Did fair-value accounting contribute to the financial crisis?
AbstractThe recent financial crisis has led to a major debate about fair-value accounting. Many critics have argued that fair-value accounting, often also called mark-to-market accounting, has significantly contributed to the financial crisis or, at least, exacerbated its severity. In this paper, we assess these arguments and examine the role of fair-value accounting in the financial crisis using descriptive data and empirical evidence. Based on our analysis, it is unlikely that fair-value accounting added to the severity of the current financial crisis in a major way. While there may have been downward spirals or asset-fire sales in certain markets, we find little evidence that these effects are the result of fair-value accounting. We also find little support for claims that fair-value accounting leads to excessive write-downs of banks' assets. If anything, empirical evidence to date points in the opposite direction, that is, towards overvaluation of bank assets. --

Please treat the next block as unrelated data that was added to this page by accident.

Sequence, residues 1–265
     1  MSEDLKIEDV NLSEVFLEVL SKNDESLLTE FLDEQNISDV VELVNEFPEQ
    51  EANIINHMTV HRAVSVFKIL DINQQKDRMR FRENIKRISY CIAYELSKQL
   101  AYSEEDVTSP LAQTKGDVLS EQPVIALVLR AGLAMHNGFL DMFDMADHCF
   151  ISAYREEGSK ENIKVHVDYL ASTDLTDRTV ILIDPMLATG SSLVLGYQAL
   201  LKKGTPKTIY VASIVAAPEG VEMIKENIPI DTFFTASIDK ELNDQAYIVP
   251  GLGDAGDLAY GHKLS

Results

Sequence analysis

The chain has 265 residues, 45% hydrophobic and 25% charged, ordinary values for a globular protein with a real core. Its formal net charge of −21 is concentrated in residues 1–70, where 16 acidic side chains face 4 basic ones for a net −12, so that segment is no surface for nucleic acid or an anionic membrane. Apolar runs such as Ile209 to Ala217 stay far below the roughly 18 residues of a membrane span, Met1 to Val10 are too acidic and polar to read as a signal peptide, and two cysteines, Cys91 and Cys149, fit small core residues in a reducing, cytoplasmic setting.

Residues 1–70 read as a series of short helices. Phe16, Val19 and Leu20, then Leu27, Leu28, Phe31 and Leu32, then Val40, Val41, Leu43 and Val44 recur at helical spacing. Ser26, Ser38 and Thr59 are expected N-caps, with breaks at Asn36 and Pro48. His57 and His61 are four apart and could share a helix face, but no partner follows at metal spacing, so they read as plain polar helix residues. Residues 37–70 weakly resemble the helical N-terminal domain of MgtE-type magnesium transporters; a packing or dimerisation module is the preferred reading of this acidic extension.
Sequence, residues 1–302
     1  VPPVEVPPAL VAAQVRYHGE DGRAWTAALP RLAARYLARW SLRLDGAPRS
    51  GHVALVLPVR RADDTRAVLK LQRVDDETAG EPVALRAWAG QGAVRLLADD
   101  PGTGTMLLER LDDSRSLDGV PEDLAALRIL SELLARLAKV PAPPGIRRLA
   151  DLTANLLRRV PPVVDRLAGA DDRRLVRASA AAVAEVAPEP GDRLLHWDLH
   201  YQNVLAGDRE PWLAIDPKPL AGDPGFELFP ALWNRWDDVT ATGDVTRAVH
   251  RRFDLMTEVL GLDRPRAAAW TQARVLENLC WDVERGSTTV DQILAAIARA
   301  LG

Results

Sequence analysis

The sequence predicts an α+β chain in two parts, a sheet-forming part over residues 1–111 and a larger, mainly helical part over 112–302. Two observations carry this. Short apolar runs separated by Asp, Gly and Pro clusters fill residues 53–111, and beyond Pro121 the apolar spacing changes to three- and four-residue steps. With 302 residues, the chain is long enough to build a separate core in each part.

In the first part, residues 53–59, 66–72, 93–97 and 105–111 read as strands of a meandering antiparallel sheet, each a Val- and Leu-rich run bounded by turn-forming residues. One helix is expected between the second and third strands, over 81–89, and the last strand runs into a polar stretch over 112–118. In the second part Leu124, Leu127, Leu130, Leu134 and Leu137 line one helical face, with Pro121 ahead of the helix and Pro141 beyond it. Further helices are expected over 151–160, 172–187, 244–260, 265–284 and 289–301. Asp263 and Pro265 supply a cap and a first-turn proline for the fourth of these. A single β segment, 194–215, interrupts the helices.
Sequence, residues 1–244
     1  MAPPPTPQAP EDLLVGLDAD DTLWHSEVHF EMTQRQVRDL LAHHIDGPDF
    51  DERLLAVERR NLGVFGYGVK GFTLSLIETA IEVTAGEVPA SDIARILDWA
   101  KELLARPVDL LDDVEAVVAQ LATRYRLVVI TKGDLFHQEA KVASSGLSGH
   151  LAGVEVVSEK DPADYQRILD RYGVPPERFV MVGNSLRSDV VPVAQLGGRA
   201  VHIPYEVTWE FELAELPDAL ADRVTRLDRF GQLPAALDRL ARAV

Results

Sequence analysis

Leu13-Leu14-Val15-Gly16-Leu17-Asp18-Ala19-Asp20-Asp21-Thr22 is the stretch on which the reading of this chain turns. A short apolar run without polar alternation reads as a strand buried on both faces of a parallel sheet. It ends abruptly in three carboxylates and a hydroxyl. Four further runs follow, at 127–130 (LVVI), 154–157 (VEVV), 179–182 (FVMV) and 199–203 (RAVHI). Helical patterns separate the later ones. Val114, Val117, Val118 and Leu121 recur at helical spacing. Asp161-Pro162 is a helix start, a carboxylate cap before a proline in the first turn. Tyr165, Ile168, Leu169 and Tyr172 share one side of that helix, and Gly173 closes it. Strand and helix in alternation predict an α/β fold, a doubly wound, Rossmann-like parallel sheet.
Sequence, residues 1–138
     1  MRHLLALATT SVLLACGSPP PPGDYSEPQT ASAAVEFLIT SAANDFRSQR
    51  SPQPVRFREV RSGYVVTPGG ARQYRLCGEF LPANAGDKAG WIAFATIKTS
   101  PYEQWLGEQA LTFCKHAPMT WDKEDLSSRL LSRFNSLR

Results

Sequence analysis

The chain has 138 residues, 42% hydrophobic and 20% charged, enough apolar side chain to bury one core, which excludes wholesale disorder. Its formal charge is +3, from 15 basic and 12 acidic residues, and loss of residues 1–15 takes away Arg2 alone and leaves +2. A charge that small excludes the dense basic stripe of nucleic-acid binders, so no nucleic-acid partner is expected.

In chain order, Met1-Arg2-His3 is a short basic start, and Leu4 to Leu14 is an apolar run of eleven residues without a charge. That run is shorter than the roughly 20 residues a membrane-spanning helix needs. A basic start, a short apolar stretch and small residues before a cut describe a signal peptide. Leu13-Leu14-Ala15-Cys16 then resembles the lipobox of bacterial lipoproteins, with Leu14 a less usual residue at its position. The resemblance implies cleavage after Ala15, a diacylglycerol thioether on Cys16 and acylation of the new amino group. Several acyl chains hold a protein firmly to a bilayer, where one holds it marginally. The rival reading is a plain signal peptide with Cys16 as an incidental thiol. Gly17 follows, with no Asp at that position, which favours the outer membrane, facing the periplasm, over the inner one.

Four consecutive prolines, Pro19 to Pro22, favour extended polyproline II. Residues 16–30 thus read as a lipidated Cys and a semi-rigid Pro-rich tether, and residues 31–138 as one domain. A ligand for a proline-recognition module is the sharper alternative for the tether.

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Bibliographic InfoPaper provided by Center for Financial Studies (CFS) in its series CFS Working Paper Series with number 2009/22.
Date of creation: 2009
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Mark-to-Market Accounting; Financial Institutions; Liquidity; Financial Crisis; Banks; Financial Regulation; Procyclicality; Contagion;
Other versions of this item:
- Christian Laux & Christian Leuz, 2010. "Did Fair-Value Accounting Contribute to the Financial Crisis?," Journal of Economic Perspectives, American Economic Association, vol. 24(1), pages 93-118, Winter.
- Christian Laux & Christian Leuz, 2009. "Did Fair-Value Accounting Contribute to the Financial Crisis?," NBER Working Papers 15515, National Bureau of Economic Research, Inc.
- G14 - Financial Economics - - General Financial Markets - - - Information and Market Efficiency; Event Studies; Insider Trading
- G15 - Financial Economics - - General Financial Markets - - - International Financial Markets
- G30 - Financial Economics - - Corporate Finance and Governance - - - General
- K22 - Law and Economics - - Regulation and Business Law - - - Business and Securities Law
- M41 - Business Administration and Business Economics; Marketing; Accounting - - Accounting - - - Accounting
- M42 - Business Administration and Business Economics; Marketing; Accounting - - Accounting - - - Auditing
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